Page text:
What is SAD? It is a type of depression that can happen during the winter. About 1 in 10 people have it. It’s more common among women than men. This blog post will help you understand what causes SAD so you can take steps to prevent or lessen its effects on your life.
While scientists have not yet pinpointed the exact cause of SAD, they do know that certain hormones are secreted from deep within our brains, and these change at different times throughout each year. It is believed by experts in this field known as Annual Hormonal Decline (AHD) theory – less sunlight during fall/ winter can lead to a person’s mood changing resulting in feelings of depression which may also come along with other symptoms such as fatigue weight gain. The good news? With early treatment, there has been a success rate of up to 90%!
A profile of someone suffering from Seasonal Affective Disorder (SAD) is that they typically sleep much more than usual, crave carbohydrates, and have many signs associated with depression including feeling sad or hopeless. The sufferer may also experience less energy, trouble concentrating etcetera – all the way down to being appetite-weightier! Thoughts about suicide are not uncommon either; for this reason, you must seek medical attention if suicidal thoughts occur so as not to compound anything further
A lot can change in just six months: One day your mood might be normal but by Christmas time things will shift again making life feel unbearable at times thanks to frequent changes in our hormones.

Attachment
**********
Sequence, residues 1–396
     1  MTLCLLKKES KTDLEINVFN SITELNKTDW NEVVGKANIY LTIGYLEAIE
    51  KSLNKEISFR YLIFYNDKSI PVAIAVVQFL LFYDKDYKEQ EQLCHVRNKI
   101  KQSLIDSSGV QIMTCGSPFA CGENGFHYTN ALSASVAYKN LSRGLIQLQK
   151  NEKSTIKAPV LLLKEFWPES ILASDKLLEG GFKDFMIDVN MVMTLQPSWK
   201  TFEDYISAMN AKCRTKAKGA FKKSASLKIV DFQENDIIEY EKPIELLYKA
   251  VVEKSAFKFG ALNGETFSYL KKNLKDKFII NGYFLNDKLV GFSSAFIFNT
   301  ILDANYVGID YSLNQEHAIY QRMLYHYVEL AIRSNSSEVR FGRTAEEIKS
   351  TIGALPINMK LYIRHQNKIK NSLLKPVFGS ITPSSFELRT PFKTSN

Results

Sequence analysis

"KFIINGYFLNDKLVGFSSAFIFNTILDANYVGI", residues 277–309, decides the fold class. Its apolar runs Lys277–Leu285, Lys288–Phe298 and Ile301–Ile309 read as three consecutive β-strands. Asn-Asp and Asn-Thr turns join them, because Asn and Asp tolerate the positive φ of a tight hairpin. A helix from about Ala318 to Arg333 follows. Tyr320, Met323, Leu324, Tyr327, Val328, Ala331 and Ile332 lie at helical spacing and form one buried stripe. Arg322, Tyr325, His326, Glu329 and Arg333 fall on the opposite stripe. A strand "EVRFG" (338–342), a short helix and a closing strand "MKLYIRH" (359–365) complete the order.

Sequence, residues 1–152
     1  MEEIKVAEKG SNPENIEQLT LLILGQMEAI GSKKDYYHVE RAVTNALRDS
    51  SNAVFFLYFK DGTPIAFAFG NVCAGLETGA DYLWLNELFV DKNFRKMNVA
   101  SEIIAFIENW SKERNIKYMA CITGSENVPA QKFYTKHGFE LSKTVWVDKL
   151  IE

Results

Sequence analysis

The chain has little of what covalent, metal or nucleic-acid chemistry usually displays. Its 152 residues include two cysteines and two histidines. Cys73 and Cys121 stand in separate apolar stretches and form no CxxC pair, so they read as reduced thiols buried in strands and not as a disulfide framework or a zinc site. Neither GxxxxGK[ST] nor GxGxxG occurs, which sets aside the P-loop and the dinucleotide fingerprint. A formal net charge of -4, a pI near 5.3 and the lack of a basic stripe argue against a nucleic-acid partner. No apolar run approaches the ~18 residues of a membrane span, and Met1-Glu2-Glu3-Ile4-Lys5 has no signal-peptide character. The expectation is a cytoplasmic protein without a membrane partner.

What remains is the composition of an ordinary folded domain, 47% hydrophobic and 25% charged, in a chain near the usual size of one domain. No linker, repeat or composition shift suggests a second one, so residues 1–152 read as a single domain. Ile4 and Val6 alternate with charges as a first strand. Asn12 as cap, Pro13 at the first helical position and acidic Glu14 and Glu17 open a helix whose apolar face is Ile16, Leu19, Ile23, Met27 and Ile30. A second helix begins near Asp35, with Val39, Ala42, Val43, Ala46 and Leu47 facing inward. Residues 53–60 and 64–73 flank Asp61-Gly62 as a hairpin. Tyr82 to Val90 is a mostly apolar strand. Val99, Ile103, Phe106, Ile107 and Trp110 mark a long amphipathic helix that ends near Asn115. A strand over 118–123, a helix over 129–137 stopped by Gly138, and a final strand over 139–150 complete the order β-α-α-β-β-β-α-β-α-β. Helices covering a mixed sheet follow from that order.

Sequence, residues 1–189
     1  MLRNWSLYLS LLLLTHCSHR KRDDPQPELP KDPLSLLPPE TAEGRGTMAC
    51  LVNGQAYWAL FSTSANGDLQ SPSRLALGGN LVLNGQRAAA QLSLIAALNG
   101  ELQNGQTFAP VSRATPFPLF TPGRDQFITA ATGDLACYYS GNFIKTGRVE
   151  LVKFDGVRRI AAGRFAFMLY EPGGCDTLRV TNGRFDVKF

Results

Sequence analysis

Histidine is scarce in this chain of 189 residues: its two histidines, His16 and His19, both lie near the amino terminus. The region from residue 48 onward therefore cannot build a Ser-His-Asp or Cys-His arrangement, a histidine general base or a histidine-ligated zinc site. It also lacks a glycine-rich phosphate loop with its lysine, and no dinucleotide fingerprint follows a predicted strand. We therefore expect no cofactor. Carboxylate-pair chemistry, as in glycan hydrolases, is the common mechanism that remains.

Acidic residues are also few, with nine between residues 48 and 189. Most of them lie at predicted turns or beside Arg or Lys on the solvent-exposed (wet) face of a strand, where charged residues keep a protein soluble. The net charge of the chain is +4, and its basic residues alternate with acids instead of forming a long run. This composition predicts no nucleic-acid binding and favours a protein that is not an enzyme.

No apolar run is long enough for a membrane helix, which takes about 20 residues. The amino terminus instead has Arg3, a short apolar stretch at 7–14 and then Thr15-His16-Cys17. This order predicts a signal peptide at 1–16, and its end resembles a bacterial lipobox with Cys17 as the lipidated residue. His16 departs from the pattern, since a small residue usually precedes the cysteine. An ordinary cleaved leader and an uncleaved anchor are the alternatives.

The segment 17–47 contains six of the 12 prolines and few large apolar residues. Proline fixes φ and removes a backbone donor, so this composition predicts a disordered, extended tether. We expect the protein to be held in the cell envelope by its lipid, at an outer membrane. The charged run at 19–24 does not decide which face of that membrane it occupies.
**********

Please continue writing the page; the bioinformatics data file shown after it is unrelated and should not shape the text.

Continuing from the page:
The main feature of SAD is that your mood and behavior shift along with the calendar. It’s not a separate disorder, but rather one type of major depression or bipolar disorder; sometimes called major depression. You may have this condition if:
-You had periods where you experienced both severe episodes from depression or irritability during which it felt like normal seasons did not exist for a few months at a time (lesions in gray), followed by longer stretches without signs/symptoms present -In total over 2 years worth (~6 months each) throughout all 12 calendar phases.
There are several things you can do to help yourself feel better. One is to focus on getting enough sunlight each day. If possible, try spending at least 30 minutes outside every day during the winter months. You should also aim for a balanced diet by including fruits and vegetables which will boost your mood naturally so it’s important to get the right amount of sleep each day, too. There are also plenty of treatments available including talk therapies and medication that can help reduce your symptoms more quickly! Ways to treat SAD are by focusing on getting enough sunlight every day, eating a balanced diet & taking the right amount of sleep, as well as talking with a medical professional
When should I talk to someone?
If your symptoms are so severe that they’re keeping you from being able to function normally in daily life-especially during the winter months-, it’s important to seek medical attention. If left untreated these cases can lead to more complicated conditions. Talk openly with your doctor about your feelings. Follow their recommendations for lifestyle changes and treatment. They can also make you aware of additional resources such as support groups and how to deal with this disorder.
We can help you schedule a telepsychiatry visit today. If you or someone else in your family has been experiencing the winter blues, it may be time to get some professional assistance. We are available for video-based appointments anytime, anywhere! You can self-schedule from our website www.TodayTelemedicine.com. Accepting new patients, major insurance, and affordable cash rates. Take a free SAD self-screener from our website under “Take A Quiz”.